Against Heresies by Irenaeus [inter A.D. 180/199]. 3

    It is possible, then, for everyone in every Church, who may wish to know the truth, to contemplate the tradition of the Apostles which has been made known throughout the whole world. And we are in a position to enumerate those who were instituted bishops by the Apostles, and their successors to our own times: men who neither knew nor taught anything like these heretics rave about. For if the Apostles had known hidden mysteries which they taught to the elite secretly and apart from the rest, they would have handed them down especially to those very ones to whom they were committing the self-same Churches. For surely they wished all those and their successors to be perfect and without reproach, to whom they handed on their authority. (Jurgens, para 209)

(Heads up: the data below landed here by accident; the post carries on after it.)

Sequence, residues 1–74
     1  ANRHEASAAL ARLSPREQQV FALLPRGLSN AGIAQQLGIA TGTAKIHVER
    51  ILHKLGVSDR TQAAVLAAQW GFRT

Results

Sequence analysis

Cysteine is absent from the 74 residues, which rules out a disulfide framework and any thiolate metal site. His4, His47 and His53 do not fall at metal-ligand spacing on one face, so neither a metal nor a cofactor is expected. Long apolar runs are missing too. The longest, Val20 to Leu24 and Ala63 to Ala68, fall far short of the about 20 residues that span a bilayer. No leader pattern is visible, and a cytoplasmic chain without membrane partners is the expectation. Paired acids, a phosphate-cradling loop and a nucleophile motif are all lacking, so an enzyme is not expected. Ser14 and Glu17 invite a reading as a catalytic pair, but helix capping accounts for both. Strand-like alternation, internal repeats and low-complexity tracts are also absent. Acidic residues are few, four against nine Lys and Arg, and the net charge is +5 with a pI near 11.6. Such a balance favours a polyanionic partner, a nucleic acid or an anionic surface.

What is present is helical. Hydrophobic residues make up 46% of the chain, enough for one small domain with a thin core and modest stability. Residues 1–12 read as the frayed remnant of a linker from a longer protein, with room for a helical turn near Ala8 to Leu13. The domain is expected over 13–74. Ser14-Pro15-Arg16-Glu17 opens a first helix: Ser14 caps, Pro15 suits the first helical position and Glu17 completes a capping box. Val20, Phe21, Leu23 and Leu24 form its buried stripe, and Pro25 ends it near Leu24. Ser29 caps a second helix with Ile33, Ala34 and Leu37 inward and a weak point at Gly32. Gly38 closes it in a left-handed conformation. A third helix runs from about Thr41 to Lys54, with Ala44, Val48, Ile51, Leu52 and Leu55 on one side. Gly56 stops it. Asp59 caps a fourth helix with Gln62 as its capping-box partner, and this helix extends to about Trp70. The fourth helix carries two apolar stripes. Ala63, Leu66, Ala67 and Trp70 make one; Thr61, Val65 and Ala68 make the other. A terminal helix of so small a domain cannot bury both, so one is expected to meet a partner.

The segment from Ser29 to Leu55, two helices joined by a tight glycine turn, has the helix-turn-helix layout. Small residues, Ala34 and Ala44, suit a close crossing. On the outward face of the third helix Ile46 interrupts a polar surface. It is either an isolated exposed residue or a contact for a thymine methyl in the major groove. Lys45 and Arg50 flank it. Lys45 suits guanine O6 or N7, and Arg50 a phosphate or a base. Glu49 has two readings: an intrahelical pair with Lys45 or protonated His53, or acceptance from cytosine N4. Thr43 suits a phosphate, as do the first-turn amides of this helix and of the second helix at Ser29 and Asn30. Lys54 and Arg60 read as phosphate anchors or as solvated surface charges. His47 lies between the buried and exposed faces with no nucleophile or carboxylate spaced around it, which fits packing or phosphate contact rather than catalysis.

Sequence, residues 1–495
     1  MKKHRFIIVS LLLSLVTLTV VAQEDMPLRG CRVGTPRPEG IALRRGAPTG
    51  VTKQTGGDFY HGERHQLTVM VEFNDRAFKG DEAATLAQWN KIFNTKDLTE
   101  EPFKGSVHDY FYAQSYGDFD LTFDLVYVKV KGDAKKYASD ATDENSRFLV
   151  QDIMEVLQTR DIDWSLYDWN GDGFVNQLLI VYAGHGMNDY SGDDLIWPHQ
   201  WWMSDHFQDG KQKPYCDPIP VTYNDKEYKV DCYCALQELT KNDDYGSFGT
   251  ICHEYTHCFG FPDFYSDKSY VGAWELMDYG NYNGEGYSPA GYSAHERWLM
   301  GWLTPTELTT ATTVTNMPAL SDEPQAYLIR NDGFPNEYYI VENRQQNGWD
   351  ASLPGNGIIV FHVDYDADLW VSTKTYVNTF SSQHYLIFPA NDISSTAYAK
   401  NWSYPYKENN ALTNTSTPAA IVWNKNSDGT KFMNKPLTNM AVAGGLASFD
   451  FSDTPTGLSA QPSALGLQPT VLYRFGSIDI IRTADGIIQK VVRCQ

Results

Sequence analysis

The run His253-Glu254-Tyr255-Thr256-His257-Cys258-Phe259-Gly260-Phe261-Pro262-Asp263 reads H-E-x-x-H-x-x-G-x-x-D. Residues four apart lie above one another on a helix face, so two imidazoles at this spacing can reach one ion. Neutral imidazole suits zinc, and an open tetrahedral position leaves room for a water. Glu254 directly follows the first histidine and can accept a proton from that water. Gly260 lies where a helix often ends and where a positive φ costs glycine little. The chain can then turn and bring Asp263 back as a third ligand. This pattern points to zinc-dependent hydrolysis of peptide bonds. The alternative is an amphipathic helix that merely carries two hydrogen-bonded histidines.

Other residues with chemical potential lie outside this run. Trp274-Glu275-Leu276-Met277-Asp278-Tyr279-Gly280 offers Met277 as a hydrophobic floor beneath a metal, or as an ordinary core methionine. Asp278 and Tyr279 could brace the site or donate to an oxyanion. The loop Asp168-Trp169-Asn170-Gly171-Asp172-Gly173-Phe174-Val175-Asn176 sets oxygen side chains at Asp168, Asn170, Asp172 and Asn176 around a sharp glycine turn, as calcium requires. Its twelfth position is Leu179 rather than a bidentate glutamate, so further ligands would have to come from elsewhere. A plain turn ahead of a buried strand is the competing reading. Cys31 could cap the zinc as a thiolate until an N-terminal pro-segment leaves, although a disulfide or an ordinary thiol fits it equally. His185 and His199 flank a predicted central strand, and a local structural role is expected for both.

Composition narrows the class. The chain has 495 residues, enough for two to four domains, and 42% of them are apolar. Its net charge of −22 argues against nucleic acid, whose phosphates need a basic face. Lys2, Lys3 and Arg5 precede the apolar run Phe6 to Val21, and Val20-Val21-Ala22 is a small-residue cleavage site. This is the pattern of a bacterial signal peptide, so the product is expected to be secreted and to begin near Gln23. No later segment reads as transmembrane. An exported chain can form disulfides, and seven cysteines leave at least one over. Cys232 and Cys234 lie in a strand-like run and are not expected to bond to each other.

But since it would be too long to enumerate in such a volume as this the successions of all the Churches, we shall confound all those who, in whatever manner, whether through self-satisfaction or vainglory, or through blindness and wicked opinion, assemble other than where it is proper, by pointing out here the successions of the bishops of the greatest and most ancient Church known to all, founded and organized at Rome by the two most glorious Apostles, Peter and Paul, that Church which has the tradition and the faith which comes down to us after having been announced to men by the Apostles. For with this Church, because of its superior origin, all Churches must agree, that is all the faithful in the whole world; and it is in her that the faithful everywhere have maintained the Apostolic tradition. (Jurgens, para 210)